These transformations in the Indian Muslim middle classes are taking place because of a number of reasons such as the rapid growth of the Indian economy, the rise of literacy, and the migration of Muslims to the Gulf states and other countries for jobs.

Historically, there always existed moderate and reformist Muslims, albeit with a muffled voice. However, only during the last ten years have these reformist elements come into the mainstream. They are determined that the discourse on Islam must no longer be hijacked by radicals or the so-called defenders of Islam. This is quite evident from the fact that the politics of fatwas is losing its significance. India’s Muslims are gradually becoming more individualist in orientation. Not surprisingly, contrary to the fatwa issued by the Shahi Imam of Jama Masjid to vote for the BJP in the general elections of 2004, Muslims rightly voted for other secular parties.

Thus, faced with grievances, they prefer to resolve them through democratic means rather than taking to arms. It is their faith in institutional and democratic means that has kept them away from reactionary politics even in the wake of the worst killings of Muslims in Gujarat in 2002.

Looking at all these positive developments, one can only hope that the recent controversy will die naturally with India’s Muslims choosing to engage with more important issues of literacy, economic and political development.

Taberez Ahmed Neyazi is a Researcher in the South Asian Studies Programme, National University of Singapore. He will join the East-West Centre, Honolulu as a visiting fellow from February 2010.

The original article is at this site:

In the days since the long nights and days of Mumbai terror strikes, a volcano of raw emotions has erupted all across the land. From the streets of Mumbai to the open spaces around India gate in Delhi, the citizens of India are coming out in large numbers to protest against the state of our country’s security and the lackadaisical attitude of the politicians towards issues that are of importance to the Indian citizen.
The reaction to the current strikes has been more strong because:
1) we really seem to have got to the rock bottom and are now trying to rise up and fight back 
2) the strikes for the first time have hurt the affluent and the well connected so the reaction has come from the well heeled who till now were content to give only a few sound bites to the media.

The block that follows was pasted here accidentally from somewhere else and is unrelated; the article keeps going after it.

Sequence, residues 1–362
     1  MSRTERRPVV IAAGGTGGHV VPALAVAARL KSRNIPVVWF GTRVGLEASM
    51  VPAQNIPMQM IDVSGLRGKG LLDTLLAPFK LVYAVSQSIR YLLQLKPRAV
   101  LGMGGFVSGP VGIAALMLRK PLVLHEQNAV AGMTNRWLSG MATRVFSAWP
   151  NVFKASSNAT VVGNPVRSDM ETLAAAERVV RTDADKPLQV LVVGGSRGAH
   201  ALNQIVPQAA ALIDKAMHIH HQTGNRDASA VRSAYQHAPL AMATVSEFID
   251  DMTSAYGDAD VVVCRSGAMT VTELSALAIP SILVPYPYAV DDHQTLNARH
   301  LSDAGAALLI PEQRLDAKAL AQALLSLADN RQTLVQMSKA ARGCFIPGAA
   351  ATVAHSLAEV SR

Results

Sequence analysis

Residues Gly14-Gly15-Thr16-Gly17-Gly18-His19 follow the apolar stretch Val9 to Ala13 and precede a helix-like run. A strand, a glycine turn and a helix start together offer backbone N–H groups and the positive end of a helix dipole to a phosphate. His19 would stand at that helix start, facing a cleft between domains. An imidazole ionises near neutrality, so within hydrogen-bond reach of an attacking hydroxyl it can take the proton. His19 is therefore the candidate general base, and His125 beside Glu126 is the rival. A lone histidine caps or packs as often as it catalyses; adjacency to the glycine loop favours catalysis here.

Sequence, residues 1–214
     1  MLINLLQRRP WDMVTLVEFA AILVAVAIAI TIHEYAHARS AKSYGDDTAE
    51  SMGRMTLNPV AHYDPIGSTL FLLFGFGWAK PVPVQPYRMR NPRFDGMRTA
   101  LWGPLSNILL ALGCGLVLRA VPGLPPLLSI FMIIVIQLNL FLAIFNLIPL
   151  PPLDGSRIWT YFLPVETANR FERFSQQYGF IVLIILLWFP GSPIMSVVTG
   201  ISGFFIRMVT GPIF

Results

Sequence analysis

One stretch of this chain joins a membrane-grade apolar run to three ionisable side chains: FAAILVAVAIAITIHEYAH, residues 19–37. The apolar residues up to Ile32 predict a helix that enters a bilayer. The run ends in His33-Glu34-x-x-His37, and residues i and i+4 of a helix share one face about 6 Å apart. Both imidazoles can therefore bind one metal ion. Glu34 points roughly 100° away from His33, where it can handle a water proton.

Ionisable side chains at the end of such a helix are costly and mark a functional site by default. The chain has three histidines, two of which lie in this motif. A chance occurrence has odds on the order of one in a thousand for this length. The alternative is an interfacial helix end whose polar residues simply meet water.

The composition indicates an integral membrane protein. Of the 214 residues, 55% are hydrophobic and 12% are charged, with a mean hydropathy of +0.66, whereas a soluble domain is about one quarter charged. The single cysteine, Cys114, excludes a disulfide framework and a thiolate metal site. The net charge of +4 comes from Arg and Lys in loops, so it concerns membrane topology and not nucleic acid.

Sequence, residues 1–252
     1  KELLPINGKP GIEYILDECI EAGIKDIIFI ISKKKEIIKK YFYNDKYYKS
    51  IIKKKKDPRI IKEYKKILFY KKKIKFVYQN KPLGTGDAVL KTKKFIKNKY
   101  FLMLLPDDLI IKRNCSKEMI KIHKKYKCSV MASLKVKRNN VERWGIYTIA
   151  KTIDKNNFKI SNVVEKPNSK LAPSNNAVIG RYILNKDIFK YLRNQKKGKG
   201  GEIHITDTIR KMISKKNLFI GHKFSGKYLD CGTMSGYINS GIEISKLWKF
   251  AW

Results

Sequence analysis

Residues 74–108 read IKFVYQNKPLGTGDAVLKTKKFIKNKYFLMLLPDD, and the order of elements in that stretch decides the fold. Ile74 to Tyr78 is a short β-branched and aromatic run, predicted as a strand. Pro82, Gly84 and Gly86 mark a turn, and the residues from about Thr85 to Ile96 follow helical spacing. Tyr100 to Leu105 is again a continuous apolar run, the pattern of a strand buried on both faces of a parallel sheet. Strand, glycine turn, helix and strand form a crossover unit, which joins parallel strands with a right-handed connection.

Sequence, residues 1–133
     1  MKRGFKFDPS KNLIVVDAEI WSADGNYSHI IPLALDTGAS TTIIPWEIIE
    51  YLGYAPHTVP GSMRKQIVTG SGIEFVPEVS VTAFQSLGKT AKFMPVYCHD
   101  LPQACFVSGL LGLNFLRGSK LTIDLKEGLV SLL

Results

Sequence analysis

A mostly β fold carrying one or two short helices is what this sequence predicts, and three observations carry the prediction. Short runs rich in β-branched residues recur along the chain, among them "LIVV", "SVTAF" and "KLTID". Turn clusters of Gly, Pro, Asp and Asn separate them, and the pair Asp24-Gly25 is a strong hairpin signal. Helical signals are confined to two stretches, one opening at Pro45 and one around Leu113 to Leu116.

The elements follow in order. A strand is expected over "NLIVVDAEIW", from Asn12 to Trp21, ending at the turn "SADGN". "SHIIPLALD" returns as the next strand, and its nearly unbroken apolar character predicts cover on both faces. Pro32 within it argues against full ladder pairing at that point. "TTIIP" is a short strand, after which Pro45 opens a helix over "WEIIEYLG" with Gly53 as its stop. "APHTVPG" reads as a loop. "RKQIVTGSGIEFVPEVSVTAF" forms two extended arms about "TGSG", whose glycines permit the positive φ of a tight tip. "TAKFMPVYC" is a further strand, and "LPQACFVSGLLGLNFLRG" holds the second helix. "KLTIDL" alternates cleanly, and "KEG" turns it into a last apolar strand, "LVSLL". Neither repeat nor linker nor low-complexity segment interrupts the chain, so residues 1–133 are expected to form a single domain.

There can be no doubt about the depth of the emotion and the severity of the anger of the denizens of India’s main cities and towns, one must at these times remember that a even larger number of India’s citizens live outside the comparatively privileged borders of these cities, big and small. The media would do well to record authentically the reactions and coping mechanisms of these Indians too,especially, in areas where populations of the two communities live together and where the nature of the local economy ties them in closer bonds then perhaps in the cities where seperate ‘mohallas’ have become the norm.

Equally important would be to highlight and present to the public the steps,big and small, taken by members of the Muslim community to protest these attacks and to condemn them.Media all too often teeters between the extremes of either an over kill or complete oversight. While many of us in the majority community, have often protested the ‘silence’ of the Muslims in the face of this terror that derives its succor from extreme Islamic ideology, not enough of us give credit to the community when they do speak out against it.In the last few months the clergy (mainly Deobandis) have made public statements that must be given due media time so that just as negative ideas and viewpoints gain currecy due to over exposure so do the positive trends get a chance at taking roots by reaching all corners of the country.

Some main items that caught my attention:

1)The meet of the clerics and Muslims in Delhi condemning terrorism (some months ago…I have not kept a record of the exact dates).

2) The meet recently in Hyderabad where muslims from all over the country gathered to listen to a similar condemnation of terror.

3) The statement a few months ago from Deoband asking muslims to refrian from cow slaughter if it goes against the sentiments of the majority community or flouts any laws of the land.

4) The clergy asking the people,in the wake of the recent Mumbai terror attacks, to wear black arm bands to express their sorrow and stand against the terror.

5) The latest call by the Deoband clerics to Muslims not to slaughetr any cows this Eid in order to respect the sentiments of the Hindus. 

These may not sound like much given the scale of the trouble but small steps can lead to big strides and some start has to be made to knock down the walls of mutual suspicion and distrust.